Here’s our confident prediction: most landowners would see the justice of that and comply whereas most detectorists would explode in fury and threaten to go on “reporting strike” as they have so many times before. Draw your own conclusions.



More Heritage Journal views on artefact collecting


By Myghal Map Serpren

A very hot day during June, 2014 saw crowds flock to the ‘Frying Pan Field’ at Carwynnen near Camborne in West Cornwall to witness the archaeologically supervised return of the original ten-ton capstone to the three upright monolithic stones forming part of the Neolithic chambered tomb.

To loud applause, the portal dolmen was that day restored to its full glory by modern heavy lifting equipment following a history of collapses and years of voluntary and expert archaeological work.

The place name ‘Carwynnen’ is Cornish of course, and is derived from the Cornish language ‘ker’ or ‘cayr’ and ‘wenen’ meaning ‘fort of trees’ and a number of other historic sites or possible sites are recorded in the vicinity of the quoit.

In 1834 the structure collapsed and was re-erected by Lady Pendarves, it then being part of the Pendarves Estate. A further collapse occurred in 1967 and there the remains lay for many years.

The stones at Carwynnen, May 2012.

During the Spring of 2002 and under the leadership of the inspirational Pip Richards, the Sustainable Trust, later renamed as the ‘Sustrust’ was founded and acquired 75 acres of the former estate including the woodland and the ‘Frying Pan Field’ with the collapsed cromlech.

An educational trust made available to schools was established and as a result of a genuinely engaging community campaign and many activities, the Giant’s Quoit was accurately and sympathetically restored.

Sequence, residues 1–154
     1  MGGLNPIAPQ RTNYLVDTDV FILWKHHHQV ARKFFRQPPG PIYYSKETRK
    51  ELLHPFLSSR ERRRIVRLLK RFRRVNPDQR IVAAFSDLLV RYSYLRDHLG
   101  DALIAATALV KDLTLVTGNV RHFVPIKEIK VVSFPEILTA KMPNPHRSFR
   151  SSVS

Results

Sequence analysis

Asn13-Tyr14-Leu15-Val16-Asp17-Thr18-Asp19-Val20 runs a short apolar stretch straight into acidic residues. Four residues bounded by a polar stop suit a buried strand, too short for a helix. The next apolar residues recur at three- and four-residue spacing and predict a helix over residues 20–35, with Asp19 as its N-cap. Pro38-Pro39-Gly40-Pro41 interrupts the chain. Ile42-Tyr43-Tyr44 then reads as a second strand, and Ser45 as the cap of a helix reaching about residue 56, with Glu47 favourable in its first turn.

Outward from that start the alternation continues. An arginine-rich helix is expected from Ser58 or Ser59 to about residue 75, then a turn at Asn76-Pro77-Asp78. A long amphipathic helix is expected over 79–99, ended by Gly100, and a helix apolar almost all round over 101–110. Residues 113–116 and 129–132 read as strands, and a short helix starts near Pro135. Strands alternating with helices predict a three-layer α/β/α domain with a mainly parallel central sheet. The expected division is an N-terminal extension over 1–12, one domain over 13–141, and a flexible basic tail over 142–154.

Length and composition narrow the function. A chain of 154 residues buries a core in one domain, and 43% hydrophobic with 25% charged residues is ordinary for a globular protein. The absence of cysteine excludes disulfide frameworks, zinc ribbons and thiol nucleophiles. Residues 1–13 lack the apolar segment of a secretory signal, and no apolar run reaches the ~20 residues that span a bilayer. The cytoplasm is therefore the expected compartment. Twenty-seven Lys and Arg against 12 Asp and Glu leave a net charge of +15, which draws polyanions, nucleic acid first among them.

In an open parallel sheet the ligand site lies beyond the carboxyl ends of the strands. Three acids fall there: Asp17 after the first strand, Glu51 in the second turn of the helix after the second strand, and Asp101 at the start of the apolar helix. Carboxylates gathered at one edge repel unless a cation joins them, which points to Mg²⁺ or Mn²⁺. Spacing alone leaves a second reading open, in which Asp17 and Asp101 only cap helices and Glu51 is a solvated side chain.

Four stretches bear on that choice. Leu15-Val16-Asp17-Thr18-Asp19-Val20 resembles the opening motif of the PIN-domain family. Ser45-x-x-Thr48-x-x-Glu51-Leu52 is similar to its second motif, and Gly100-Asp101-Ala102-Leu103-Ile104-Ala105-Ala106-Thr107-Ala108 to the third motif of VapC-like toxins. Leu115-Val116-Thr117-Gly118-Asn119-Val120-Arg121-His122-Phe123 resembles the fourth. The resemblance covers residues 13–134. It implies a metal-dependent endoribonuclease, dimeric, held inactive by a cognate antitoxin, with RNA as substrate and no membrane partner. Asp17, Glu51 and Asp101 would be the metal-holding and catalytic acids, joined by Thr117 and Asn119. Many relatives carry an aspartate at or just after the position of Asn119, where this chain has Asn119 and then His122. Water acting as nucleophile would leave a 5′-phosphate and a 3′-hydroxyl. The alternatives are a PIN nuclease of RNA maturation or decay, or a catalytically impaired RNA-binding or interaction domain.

Dating from the Neolithic period, 4000BCE to 2501BCE, the ‘Giant’s Quoit’ is a  chambered tomb.

It was first recorded in 1700CE and was marked simply as ‘Cromlech’ on the Ordnance Survey map of 1839CE.

The length of chamber contained within the three upright stones is just short of seven feet, the width around five feet and the height around five feet. The capstone measures 12-feet by 9-feet and is up to a foot thick.

As a result of the archaeological examinations of the site, a Neolithic flint arrowhead, Neolithic pottery, a fragment of a polished flint knife, a hammer-stone, Bronze Age pot fragments, clay pipes, granite balls, a pestle, a Polcrebo cobble of igneous rock, a painted slate disc and even a stone musket ball have been recovered, the latter of which is believed to have been fired at the cromlech during the late Middle Ages.

The Giant’s Quoit is a much-loved local landmark and it appears on the heraldic badges of Camborne Rugby Club and Troon Cricket Club.

The large ‘Frying Pan Field’ where it is situated has undergone another name change and is now called ‘Pip’s Field’ in memory of Pip Richards who inspired the quoit’s restoration and who lived to see that day happen. Pip’s remains lay buried nearby overlooking this most ancient of sites.


Images obtained by author.


“Near permanent traffic jam” is a lie. “Immediately next to them” is a lie.

But the biggest lie is the visual one: look at that image at the top left. It’s nowhere near the stones, it’s up the hill and probably over the brow, it’s not taken from the stones and may not even be visible from them.

If that’s not yowling moggy No. 43 we don’t know what is!

We read this lovely prose by archaeologist and author Jlm Leary:

“The rhythm of the changing seasons beats through our landscape like a heart: days extend and shorten, light grows and fades in strength. And this rhythm pulses through us, too. Or at least it did once…. But for those who listen carefully, that rhythmic beat is still there, tapping out its tempo… This spring I will be heading to Castlerigg and Long Meg and Her Daughters again, and I will take care to listen for this cadence that will connect me to them, and them to the land and the sky.”

And we thought of this by Pencil Museum @pencilmuseum: “Today’s the first day of spring! This inquisitive lamb is hiding behind the historic stones at @EnglishHeritage Castlerigg Stone Circle


May 2023